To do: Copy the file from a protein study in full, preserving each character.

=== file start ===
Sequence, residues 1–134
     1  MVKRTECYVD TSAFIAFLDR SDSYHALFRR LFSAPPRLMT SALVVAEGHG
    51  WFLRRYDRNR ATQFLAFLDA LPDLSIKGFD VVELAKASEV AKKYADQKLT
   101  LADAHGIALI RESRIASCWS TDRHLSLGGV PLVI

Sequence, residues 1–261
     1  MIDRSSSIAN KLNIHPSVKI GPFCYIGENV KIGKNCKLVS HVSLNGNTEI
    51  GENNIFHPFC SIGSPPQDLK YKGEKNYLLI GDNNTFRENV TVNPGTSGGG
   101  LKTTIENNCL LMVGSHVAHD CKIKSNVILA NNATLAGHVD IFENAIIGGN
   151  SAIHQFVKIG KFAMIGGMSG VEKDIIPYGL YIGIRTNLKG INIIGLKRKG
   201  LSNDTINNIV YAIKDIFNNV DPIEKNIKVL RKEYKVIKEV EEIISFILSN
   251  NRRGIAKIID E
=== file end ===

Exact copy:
Sequence, residues 1–134
     1  MVKRTECYVD TSAFIAFLDR SDSYHALFRR LFSAPPRLMT SALVVAEGHG
    51  WFLRRYDRNR ATQFLAFLDA LPDLSIKGFD VVELAKASEV AKKYADQKLT
   101  LADAHGIALI RESRIASCWS TDRHLSLGGV PLVI

Sequence, residues 1–261
     1  MIDRSSSIAN KLNIHPSVKI GPFCYIGENV KIGKNCKLVS HVSLNGNTEI
    51  GENNIFHPFC SIGSPPQDLK YKGEKNYLLI GDNNTFRENV TVNPGTSGGG
   101  LKTTIENNCL LMVGSHVAHD CKIKSNVILA NNATLAGHVD IFENAIIGGN
   151  SAIHQFVKIG KFAMIGGMSG VEKDIIPYGL YIGIRTNLKG INIIGLKRKG
   201  LSNDTINNIV YAIKDIFNNV DPIEKNIKVL RKEYKVIKEV EEIISFILSN
   251  NRRGIAKIID E